Montenegrin Official's Wife Stashed Millions in Switzerland
Djordjina Marovic, wife of a top Montenegrin official, had US$3.8 million in an account in the Swiss Bank HSBC, according to leaked documents.
Documents from the Swiss Bank HSBC leaked to journalists reveal that the wife of Svetozar Marovic, the former President of Serbia and Montenegro, had US$3.8 million deposited in the bank in 2006/2007.
The funds should have been reported in his asset declarations, but were not.
Marovic lists an apartment, a family house and land, his wife Djordjina’s office space, his daughter Milena’s car and even paintings and a library with 4,200 books in state filings--but not the money. Marovic has been a politician or worked for state-owned enterprises most of his life. It’s not clear where the money came from and he did not answer calls or texts to his number. The Montenegrin daily newspaper Dan has reported that Marovic was questioned last year by prosecutors about his assets in another case. A press release from the prosecutor’s office said he is not under investigation.
Montenegro’s Law on Prevention of Conflict of Interest requires public officials to file a statement on the day they take office listing their own assets and liabilities and those of their closest family members, and to update it yearly. Marovic has always filed, but has not listed the large HSBC deposit in any declaration.
Djordjina Marovic, 63, was one of more than 100,000 clients of HSBC Private Bank (Suisse), whose files were leaked to the International Consortium of Investigative Journalists (ICIJ) via the French newspaper Le Monde. ICIJ shared them with the Organized Crime and Corruption Reporting Project (OCCRP) and other regional media. The leaked files provide a glimpse into the super-secret Swiss banking system. Among the clients are royalty, politicians, public figures, celebrities, and business leaders from more than 200 countries.
The records contain data on the accounts of some 80 clients from the former Yugoslavia. Djordjina Marovic’s account was the largest linked to a politician. Both Marovic and their 31-year-old son Milos had access to the account, according to documents.
Marovic opened her account on Feb. 6, 1998. It is not known how much the family kept in the account over the years, although the records show that the maximum amount recorded in the account in 2006 and 2007 was US$3.8 million. As a formal address, she listed Dositejeva bb, Budva. In his 2006 assets declaration Marovic also listed this address as his official residence.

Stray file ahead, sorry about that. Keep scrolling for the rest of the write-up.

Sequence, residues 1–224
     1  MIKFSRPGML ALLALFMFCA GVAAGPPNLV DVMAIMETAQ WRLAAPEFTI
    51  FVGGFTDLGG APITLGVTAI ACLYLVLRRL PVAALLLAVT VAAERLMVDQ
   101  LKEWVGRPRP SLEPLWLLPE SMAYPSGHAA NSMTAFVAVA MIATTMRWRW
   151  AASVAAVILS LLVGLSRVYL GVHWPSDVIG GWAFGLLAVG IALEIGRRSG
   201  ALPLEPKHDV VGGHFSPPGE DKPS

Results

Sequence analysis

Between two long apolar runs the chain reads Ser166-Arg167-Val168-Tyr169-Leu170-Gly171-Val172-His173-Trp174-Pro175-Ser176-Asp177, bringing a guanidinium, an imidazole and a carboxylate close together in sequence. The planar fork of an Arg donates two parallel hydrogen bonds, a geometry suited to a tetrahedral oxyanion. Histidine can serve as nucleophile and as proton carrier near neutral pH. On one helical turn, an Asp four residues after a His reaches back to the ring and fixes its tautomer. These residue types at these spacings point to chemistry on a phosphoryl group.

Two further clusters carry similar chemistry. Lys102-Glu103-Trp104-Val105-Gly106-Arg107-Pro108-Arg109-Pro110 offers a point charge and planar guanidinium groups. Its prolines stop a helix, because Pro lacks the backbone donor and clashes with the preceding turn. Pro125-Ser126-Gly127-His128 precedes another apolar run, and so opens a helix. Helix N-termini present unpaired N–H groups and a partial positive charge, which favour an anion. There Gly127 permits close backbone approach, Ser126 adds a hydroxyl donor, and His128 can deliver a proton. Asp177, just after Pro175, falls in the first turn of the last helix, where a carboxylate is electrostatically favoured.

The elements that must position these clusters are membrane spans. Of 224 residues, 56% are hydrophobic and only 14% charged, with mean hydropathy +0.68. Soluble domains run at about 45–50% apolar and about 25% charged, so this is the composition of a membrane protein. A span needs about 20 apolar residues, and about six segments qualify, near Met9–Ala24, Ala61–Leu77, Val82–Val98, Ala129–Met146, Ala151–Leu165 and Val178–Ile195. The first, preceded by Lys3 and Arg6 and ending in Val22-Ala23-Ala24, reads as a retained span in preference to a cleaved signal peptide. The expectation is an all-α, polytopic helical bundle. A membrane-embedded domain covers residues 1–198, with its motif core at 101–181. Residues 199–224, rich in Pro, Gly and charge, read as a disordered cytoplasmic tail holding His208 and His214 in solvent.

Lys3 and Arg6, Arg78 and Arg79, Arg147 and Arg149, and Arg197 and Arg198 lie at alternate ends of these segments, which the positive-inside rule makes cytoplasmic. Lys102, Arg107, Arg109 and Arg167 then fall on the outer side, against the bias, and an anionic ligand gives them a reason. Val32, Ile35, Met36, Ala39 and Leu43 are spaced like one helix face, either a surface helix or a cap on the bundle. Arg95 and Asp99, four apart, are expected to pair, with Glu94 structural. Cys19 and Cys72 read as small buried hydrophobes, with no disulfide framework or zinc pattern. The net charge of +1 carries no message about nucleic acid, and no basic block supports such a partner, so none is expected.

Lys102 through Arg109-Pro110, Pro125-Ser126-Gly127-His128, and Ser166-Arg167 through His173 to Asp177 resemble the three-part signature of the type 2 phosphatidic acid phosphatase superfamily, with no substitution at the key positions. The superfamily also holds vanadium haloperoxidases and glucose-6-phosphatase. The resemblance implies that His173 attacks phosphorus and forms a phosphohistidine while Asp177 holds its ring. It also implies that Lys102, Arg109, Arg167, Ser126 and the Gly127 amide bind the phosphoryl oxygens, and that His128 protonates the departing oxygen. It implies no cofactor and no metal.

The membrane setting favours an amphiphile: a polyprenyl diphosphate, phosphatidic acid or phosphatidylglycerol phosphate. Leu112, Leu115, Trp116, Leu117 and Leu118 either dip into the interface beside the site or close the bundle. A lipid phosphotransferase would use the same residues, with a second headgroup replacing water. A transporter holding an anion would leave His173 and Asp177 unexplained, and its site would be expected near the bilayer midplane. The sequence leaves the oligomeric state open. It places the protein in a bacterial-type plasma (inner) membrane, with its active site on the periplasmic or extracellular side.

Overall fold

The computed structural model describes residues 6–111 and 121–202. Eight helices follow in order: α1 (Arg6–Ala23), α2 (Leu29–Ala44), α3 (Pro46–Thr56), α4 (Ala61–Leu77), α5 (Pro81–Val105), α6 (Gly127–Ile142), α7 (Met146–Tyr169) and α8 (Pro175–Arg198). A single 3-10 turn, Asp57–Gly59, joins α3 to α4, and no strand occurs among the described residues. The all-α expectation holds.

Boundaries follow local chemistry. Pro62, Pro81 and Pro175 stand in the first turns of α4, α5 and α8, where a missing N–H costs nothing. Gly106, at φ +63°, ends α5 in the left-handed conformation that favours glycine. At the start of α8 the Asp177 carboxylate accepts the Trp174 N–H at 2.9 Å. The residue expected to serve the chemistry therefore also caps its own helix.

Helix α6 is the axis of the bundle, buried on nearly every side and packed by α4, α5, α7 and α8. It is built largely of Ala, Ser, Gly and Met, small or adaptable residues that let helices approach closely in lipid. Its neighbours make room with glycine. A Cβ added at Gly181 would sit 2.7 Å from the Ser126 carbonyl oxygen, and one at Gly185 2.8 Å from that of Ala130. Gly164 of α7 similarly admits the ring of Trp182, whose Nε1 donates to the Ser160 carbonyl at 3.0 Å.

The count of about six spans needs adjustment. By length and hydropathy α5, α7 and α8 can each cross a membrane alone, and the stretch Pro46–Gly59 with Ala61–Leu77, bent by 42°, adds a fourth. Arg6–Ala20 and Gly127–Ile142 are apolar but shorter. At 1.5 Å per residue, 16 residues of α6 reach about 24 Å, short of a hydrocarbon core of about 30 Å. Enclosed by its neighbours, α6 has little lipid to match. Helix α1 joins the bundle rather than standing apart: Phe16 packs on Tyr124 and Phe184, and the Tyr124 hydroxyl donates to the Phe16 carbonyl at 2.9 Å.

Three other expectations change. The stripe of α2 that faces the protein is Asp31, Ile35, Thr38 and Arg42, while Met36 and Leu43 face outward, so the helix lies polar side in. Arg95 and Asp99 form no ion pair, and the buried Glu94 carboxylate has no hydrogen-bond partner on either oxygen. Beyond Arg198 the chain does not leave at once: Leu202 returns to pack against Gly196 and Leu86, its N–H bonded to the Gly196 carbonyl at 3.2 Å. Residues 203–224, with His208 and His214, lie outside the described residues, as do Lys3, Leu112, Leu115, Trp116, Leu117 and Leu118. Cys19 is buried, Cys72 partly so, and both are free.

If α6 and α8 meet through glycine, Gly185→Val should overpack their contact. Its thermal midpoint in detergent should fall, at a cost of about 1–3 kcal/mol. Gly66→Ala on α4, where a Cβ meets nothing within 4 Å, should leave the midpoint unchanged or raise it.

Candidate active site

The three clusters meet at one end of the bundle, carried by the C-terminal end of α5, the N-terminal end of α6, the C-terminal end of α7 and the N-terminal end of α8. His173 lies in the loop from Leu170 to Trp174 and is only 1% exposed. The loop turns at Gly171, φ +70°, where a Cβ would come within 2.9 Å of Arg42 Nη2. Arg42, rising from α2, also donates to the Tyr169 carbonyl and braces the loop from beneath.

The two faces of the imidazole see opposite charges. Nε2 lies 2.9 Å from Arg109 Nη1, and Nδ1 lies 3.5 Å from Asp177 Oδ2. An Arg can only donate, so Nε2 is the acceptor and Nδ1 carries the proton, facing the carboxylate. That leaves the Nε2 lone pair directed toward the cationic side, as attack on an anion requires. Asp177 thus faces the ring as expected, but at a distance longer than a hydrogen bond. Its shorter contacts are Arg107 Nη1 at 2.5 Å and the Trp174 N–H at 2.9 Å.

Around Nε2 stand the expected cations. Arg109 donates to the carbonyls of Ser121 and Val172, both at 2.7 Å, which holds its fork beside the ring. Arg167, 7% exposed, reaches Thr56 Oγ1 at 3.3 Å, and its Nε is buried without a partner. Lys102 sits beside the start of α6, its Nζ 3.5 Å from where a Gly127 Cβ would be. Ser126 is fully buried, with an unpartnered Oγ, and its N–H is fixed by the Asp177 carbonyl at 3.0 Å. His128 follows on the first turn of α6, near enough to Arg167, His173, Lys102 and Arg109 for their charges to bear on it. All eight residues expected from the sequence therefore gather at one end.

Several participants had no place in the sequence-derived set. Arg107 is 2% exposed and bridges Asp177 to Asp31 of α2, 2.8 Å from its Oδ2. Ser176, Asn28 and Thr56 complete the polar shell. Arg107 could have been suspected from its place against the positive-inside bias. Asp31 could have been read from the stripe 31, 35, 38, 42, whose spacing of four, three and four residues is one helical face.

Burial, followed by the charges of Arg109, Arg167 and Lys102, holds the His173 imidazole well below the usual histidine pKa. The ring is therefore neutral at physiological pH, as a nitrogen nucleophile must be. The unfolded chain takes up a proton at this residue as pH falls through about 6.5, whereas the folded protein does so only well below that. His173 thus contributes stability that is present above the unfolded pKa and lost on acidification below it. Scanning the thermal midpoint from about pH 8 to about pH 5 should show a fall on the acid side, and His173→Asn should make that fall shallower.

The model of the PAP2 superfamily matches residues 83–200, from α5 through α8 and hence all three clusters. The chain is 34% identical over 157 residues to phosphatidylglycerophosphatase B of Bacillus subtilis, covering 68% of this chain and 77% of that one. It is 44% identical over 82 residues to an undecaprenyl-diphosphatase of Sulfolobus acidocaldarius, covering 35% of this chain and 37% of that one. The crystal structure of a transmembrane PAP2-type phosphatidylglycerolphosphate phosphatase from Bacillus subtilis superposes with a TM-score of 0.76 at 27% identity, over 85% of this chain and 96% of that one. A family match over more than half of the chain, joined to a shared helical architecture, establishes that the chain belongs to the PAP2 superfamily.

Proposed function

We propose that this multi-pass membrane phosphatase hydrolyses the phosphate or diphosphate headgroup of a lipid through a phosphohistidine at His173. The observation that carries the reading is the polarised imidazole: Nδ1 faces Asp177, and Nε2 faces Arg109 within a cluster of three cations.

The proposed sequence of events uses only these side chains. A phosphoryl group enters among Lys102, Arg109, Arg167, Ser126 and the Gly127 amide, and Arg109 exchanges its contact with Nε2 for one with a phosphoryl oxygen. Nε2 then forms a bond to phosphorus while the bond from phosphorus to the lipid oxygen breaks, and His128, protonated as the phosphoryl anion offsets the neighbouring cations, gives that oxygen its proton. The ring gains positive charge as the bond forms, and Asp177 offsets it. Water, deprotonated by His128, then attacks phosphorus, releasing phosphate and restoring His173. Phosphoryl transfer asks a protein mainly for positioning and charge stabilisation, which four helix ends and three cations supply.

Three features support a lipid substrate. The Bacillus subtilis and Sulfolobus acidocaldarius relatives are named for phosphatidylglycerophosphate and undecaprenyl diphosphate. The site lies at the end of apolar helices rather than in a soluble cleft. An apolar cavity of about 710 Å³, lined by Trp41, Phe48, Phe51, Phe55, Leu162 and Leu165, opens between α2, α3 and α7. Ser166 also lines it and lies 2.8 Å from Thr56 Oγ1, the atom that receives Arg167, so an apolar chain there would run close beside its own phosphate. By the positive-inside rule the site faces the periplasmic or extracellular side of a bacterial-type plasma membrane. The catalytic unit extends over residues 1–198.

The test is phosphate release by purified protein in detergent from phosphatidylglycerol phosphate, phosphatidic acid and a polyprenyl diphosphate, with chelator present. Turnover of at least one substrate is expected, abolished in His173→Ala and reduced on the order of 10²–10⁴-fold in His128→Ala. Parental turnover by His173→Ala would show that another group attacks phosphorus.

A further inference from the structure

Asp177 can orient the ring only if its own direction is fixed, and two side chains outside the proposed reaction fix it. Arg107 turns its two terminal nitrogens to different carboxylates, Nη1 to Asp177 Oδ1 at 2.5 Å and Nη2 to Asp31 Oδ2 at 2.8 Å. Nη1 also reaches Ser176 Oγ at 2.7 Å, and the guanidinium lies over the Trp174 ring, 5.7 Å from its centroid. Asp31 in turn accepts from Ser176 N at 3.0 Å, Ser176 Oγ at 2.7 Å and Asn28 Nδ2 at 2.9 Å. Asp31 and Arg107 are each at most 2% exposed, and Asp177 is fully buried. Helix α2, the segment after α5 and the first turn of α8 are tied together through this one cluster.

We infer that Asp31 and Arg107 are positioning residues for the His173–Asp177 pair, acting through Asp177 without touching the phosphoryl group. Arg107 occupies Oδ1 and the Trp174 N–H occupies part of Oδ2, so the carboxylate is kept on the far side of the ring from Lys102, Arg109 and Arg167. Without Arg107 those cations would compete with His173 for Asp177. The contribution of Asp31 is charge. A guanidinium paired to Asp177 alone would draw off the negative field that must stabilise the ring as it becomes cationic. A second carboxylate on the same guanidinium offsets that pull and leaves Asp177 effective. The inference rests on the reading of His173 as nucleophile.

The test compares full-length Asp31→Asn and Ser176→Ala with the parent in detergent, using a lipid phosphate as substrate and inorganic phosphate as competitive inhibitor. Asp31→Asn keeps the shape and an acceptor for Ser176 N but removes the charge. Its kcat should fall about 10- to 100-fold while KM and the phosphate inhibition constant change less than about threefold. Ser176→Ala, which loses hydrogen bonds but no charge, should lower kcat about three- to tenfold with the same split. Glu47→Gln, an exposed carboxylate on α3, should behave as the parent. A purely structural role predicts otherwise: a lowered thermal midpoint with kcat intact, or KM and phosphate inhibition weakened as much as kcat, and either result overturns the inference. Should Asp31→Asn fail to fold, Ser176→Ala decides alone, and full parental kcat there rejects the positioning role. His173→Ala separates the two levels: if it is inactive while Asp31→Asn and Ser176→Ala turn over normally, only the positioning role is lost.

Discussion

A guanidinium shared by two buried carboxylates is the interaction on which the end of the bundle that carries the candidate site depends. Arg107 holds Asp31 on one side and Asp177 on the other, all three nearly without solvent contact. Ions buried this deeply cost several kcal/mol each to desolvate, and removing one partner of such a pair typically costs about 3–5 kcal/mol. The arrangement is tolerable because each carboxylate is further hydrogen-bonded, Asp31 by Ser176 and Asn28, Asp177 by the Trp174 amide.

A philosopher by vocation, the 59-year-old Marovic has held public office since 1990 when he was elected as a member of the presidency of the-then Republic of Montenegro. He also served as a member of the assembly, and was elected three times as president of the assembly, including in 1998 when the account was opened.
Marovic was the first and only president of the State Union of Serbia and Montenegro that existed from 2003 to 2006. After Yugoslavia split up in 1992, the two countries joined to form a new country first called the Federal Republic of Yugoslavia. In 2003, the country structure was modified and renamed and Marovic became the leader until 2006 when Montenegrins voted in a referendum for independence.
Marovic served as deputy prime minister of Montenegro from 2008 to 2010, and he is now the vice president of Montenegro’s ruling Democratic Party of Socialists.
While there are no records of his salary until 2006, his assets declaration from that year show Marovic earned €1,769 (then about US$2,250) a month from his job in Parliament and as chairman of the board of directors of a public company. His wife was listed as unemployed.
At that rate of pay, it would have taken the couple nearly 140 years to earn the US$3.8 million.
There is no indication in the HSBC data about the origin of the money, but the bank did register her occupation as an importer/exporter of cooling materials and automotive parts. According to the business registry, the Marovics did not own a private business in Montenegro before 2006.
While his salary seems insufficient for his holdings, assets declarations and land records reveal other assets besides the bank account that Marovic failed to report or to explain.
According to his 2006 assets declaration, Marovic owned an apartment in Budva, and a house and 20,500 square meters of land in the village of Krimovica near the historic coastal town of Kotor. His wife owned office space in Budva, and his daughter Milena a car.
But according to the Montenegrin daily Vijesti, records from the registry at the time show Marovic failed to report another three apartments and an office registered to his then-unemployed 20-year-old daughter at Dositejeva bb in Budva. Milena Marovic was listed as the owner of a three-bedroom apartment of 98 square meters and a ground floor office of 18 square meters. On the first floor in the same building she owned an apartment of about 100 square meters, and in the attic she owned a 90-square-meter apartment.
The official registry also indicated that Marovic at that time did not own land and his wife did not own office space.